Friday, November 6, 2009

Traditional Indonesian Dance Calls Angel to Earth

Arriving at Lara Djonggrang restaurant in Menteng, Central Jakarta, on the evening of Halloween, I was surprised to see a traditional market occupying the courtyard.

Illuminated with torches and oil lamps, open bamboo huts showcased traditional delicacies from Cirebon, West Java, such as tahu gejrot (crisp-fried tofu bathed in a thin, dark sauce flavored with green chili and shallots), empal gentong (tender beef in creamy turmeric and coconut soup) and nasi lengko (steamed rice served with marinated tofu, soybean cake and vegetables).

Hawkers dressed in traditional clothes shouted out the names of their offerings to passersby. Guests — Indonesians and expatriates alike — sat together chatting at long wooden tables. The atmosphere made me think of the Kasepuhan night market in Cirebon.

“We want to bring the history and culture of Indonesia back to life by showcasing local culinary delights and almost-forgotten traditional cultures,” said Annette Anhar, the general manager of Lara Djonggrang.

To this end, once a month the restaurant presents a cultural night featuring traditional dishes and a dance performance from a different region of the country.

On the evening of Oct. 31, the focus was on Cirebon and the performance was “Tari Turun Sintren” (“Dance of the Descending Angel”), a mystical show traditionally danced by a beautiful young virgin in a trance.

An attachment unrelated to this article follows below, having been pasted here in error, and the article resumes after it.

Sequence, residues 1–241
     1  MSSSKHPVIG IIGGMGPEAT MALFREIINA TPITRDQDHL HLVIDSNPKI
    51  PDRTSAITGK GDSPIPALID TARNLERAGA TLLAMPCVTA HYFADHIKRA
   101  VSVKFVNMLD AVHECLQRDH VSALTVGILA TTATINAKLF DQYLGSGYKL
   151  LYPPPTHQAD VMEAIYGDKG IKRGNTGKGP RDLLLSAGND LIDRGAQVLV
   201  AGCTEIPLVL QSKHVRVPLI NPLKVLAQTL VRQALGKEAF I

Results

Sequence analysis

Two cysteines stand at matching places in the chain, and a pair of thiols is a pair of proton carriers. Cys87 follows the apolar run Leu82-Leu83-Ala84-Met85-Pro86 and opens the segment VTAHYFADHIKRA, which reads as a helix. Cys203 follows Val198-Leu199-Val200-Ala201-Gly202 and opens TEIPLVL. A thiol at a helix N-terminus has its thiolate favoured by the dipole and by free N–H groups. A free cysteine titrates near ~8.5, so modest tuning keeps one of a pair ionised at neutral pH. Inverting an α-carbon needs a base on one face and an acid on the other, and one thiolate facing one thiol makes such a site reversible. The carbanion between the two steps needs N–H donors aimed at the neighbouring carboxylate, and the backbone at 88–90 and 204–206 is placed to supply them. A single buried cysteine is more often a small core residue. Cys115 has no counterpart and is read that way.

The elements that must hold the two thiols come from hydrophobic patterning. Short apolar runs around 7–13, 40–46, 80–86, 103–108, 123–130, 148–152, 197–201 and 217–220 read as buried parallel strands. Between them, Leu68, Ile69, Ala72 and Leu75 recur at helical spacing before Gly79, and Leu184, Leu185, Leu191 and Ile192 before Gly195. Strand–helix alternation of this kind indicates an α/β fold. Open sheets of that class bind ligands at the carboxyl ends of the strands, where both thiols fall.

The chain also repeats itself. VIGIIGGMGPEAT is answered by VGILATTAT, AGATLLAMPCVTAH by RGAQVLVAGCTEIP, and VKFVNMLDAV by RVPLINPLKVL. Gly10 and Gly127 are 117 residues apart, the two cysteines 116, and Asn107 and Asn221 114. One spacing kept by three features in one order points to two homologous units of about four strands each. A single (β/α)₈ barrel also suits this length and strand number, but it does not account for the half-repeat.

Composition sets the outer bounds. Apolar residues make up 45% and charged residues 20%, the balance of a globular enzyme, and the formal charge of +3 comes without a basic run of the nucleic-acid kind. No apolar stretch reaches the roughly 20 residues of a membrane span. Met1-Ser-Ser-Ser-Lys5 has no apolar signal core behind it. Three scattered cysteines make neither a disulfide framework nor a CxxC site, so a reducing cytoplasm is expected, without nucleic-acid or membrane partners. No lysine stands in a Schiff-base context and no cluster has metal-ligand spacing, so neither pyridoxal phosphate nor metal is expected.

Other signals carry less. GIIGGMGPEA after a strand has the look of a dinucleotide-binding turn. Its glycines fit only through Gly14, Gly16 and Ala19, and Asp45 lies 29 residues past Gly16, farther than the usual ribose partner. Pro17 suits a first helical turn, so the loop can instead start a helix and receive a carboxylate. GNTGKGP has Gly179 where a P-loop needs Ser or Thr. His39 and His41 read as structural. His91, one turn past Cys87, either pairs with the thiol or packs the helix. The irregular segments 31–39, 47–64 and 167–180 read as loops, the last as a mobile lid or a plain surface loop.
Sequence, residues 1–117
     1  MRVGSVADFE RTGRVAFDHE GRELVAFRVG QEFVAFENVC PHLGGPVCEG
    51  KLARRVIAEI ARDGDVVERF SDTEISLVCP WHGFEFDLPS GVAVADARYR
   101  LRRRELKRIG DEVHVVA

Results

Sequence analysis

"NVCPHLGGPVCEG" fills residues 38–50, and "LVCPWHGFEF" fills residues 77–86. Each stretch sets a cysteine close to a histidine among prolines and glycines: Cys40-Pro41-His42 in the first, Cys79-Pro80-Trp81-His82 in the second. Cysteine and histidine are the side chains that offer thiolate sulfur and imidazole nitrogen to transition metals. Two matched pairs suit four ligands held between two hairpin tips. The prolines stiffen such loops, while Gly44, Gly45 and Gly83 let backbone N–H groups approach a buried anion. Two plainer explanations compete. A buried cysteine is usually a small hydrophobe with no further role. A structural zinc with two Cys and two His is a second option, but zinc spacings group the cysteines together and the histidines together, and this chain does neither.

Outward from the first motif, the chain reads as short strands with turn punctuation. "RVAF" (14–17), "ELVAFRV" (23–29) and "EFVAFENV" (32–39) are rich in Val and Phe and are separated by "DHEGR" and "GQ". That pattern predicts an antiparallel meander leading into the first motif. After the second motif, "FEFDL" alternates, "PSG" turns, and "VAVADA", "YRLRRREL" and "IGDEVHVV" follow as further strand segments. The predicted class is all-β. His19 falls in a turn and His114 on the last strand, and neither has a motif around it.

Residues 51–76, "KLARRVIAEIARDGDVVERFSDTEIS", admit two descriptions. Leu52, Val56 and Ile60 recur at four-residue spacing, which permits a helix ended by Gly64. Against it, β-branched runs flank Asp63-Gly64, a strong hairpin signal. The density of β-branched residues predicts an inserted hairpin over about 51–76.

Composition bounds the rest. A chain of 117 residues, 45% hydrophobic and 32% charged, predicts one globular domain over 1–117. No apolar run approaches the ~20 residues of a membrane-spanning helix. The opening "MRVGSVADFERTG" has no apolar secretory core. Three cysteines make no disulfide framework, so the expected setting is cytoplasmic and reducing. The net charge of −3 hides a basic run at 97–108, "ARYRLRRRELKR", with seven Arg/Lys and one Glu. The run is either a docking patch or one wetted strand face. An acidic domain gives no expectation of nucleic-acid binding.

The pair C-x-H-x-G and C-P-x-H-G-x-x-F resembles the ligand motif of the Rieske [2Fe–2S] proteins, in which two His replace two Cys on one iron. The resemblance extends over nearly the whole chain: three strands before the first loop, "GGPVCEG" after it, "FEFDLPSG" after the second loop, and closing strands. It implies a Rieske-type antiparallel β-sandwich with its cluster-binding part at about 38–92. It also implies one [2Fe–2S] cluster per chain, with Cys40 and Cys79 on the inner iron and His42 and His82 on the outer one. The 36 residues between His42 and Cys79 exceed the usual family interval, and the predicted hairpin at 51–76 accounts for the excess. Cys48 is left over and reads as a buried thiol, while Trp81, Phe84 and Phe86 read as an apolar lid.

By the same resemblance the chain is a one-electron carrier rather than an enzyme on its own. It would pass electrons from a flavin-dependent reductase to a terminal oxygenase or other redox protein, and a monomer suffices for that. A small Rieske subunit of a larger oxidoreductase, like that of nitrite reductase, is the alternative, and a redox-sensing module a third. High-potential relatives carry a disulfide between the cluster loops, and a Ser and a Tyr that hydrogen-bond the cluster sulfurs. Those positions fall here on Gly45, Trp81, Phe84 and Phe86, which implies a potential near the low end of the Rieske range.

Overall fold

Cirebon, a quiet town on the northern coast of West Java, has a unique history and traditions. A sultanate, it was founded by Sunan Gunung Jati, a 16th century Muslim religious leader. It later became an important port town during the Dutch colonial era. Although the people of Cirebon are generally devout Muslims, most still maintain ancient Javanese traditions and mystical beliefs.

“Tari Turun Sintren” originated from a traditional game among Cirebonese fishermen and is considered both sacred and magical. In the old days, fishermen’s wives and children played the game on the beach at night as they waited for their husbands and fathers to return from the sea.

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